September 5, 2014 by J. Truett Glen
A trending story in the Chattanooga LGBT Twitterverse is that Robby Gallaty of Brainerd Baptist Church in Chattanooga has said some horrible things about homosexuals. There are tweets that report that he said that, “Christians should never accept gays,” “Don’t stop hating gays,” “God wants them put to death,” and other such nonsense. These statements are nonsense not only because they completely misrepresent what the whole Biblical narrative teaches about those who practice homosexuality (among all the other sins), it’s also nonsense because Gallaty never said those things. All you have to do is actually watch his sermon, or even just watch the abbreviated video posted on Rawstory.com. Mr. David Edwards does a bit of a spin job as well with the title of the article and some of the convenient quotes that he pulls out of context. I realize that no one should be surprised at this sort of tabloid reporting, but it still remains a juvenile way of approaching disagreements over religious convictions.
I might have offered a slightly different sermon than Robby, based on the 8 min portion I heard, but from what I heard he did a fairly accurate job of representing the harsh realities of God’s Old Testament decrees as they correspond with, and fall under, the grace filled way in which Christ took punishment for the sin of all believers on himself at his crucifixion. Again, I have not heard the whole sermon, but the controversial portions include nothing that is controversial to those who hold to the authority of the Biblical text. Protestant denominations such as Anglicans, Baptists, Presbyterians, and others all hold to the progression of the gospel narrative from Old to New Testament that Gallaty presented in his sermon. Raw Story and Mr. Edwards should do interviews with other local Chattanooga pastors such as Timothy Tinsley at First Presbyterian, Chris Sorenson at The Mission Chattanooga (Anglican), or Kevin Smith at New City Fellowship. I believe he will find a similar understanding of the orthodox understanding of sin as he interviews those men and many others.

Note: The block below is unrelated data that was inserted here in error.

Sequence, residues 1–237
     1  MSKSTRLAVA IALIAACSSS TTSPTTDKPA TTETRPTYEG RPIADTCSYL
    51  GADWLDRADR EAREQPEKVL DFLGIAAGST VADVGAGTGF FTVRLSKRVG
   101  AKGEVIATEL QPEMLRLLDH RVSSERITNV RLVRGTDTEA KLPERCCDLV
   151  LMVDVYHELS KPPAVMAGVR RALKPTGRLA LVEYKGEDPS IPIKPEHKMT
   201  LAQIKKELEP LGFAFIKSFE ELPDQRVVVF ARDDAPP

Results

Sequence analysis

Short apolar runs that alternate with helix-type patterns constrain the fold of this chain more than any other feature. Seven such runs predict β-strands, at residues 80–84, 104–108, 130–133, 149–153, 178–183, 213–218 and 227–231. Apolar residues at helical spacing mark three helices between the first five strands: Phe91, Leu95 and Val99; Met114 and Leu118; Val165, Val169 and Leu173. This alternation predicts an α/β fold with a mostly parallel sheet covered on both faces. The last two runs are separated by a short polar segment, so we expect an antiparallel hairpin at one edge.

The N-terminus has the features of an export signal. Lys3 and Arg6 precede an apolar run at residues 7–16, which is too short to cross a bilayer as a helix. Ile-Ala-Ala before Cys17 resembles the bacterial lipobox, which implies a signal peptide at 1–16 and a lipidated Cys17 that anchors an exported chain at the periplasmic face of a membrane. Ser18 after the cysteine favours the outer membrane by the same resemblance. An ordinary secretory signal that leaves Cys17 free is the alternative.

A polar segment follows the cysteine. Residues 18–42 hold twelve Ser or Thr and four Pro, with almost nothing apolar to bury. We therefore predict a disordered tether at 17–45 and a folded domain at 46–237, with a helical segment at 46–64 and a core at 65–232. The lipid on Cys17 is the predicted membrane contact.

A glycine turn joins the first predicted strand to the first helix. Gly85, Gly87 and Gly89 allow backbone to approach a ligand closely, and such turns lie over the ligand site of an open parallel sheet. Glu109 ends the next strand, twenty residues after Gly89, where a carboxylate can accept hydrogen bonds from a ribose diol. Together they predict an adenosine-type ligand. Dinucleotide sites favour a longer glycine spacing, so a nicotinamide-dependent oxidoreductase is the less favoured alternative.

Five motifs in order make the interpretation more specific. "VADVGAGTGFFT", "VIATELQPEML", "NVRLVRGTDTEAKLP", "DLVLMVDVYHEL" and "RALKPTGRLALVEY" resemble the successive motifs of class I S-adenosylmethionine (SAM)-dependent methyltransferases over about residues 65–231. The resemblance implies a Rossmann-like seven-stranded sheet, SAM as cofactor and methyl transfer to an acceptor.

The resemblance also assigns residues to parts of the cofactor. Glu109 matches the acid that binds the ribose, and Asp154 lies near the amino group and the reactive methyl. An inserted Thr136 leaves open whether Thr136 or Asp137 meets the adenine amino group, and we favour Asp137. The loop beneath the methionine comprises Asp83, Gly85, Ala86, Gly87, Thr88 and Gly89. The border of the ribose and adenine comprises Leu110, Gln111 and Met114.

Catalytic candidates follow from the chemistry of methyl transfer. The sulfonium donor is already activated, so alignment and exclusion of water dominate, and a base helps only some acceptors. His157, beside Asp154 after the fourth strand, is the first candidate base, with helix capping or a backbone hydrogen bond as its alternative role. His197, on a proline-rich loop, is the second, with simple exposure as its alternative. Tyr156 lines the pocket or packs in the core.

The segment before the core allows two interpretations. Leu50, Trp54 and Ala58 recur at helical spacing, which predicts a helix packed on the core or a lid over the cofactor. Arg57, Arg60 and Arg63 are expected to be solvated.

I realize that there are highly volatile voices on both sides of this issue that need to be rebuked and guarded against, but Robby Gallaty is not one of them. I might have spoken a bit more on the complexity of sexual orientation and of the proactive role that churches should take in equally addressing all sexual sins, but my understanding of the biblical text would land with Robby and his explanation of God’s plan of sanctification for those who trust in Christ Jesus as their savior and lord.
Lastly, I hope that most readers and literate citizens of the world understand by now that most of the time someone uses the term “homophobia” it is a complete abuse of the word. There is no fear of persons involved in the convictions that most Evangelicals have concerning the sinfulness of homosexual behavior. There might be an increasing desire to redefine the word in order to allow it to include “disagreement with homosexual behavior,” but that is simply a political abuse of the English language. Nevertheless, Robby and others like him will continue to be targeted by the growing LGBT community in Chattanooga. There are certainly amiable, friendly citizens of Chattanooga who identify themselves as homosexuals, but there are also those that will cast hateful accusations and demonize the persons they feel threatened by. Hopefully the religious communities and LGBT community in Chattanooga will approach one another with more respect in the future than was portrayed in Mr. Edwards article and the tweets of those who desire to create drama.